Editor's note: Doug Berdie is president of Consumer Review Systems. 

COVID-19 has had a profound effect on almost all phases of life. Marketing research is not exempt. B2B researchers on both the client side and the supplier side have felt the burdens of new challenges to obtaining quality research results necessary to guide sound decision-making.

High rates of employee turnover and staffing shortages, coupled with reduced discretionary time on the job to do things like complete surveys, mean that a precise focus on proven research tactics is needed to use B2B research effectively. B2B research (as well as consumer research) generally consists of five specific activities. Let’s review each of them with a particular emphasis on how they can be conducted successfully in these new and changing times.

One of the most difficult steps in B2B research is ascertaining which people have the information you wish to collect. Decisions affecting, for example, criteria used to purchase the products/services you provide could be totally made by upper management, totally made by people in the purchasing department, totally made by those who actually use the products/services of interest or made by some combination (varying for each client company) of those and other people.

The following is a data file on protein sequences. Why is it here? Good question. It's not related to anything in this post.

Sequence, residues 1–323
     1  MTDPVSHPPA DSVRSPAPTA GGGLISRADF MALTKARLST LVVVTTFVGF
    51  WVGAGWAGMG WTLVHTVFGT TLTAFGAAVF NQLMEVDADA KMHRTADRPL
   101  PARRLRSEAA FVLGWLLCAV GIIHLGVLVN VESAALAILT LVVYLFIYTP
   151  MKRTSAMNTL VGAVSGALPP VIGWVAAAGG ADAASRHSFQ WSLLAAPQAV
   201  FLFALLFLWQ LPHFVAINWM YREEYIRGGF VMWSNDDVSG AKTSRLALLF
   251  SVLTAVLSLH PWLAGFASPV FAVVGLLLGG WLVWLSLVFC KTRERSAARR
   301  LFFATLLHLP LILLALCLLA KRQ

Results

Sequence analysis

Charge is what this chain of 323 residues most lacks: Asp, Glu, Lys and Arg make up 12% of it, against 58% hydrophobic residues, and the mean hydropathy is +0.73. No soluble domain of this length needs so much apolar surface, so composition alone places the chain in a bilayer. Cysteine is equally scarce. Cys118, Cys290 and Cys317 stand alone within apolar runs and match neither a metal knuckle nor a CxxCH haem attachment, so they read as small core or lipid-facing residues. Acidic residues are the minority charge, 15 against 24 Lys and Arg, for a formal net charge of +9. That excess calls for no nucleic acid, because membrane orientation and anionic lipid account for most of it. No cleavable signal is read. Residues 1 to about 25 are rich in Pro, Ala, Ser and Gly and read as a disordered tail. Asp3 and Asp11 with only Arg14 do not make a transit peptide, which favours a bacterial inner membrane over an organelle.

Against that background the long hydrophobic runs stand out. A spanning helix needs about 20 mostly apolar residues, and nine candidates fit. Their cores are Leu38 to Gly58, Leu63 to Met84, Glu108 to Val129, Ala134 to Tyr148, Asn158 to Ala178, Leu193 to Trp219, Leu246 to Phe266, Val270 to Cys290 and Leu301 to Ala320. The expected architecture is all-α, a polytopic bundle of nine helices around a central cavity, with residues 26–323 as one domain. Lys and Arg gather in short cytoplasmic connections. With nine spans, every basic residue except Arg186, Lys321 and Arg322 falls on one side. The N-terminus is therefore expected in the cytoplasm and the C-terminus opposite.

And, with the high rate of absenteeism and turnover due to the pandemic, it’s even more challenging to identify which people occupy those positions. Hence, rather than just trying to contact people you’ve gone to before, it’s imperative to have the people in your organization who actually deal with those clients help you identify who, at that moment, has the information you want. These could be salespeople in your organization or people in other departments. The job titles of who best can identify who should be surveyed will vary from one company to another. It’s wise to have the person in your organization who deals with the targeted pe...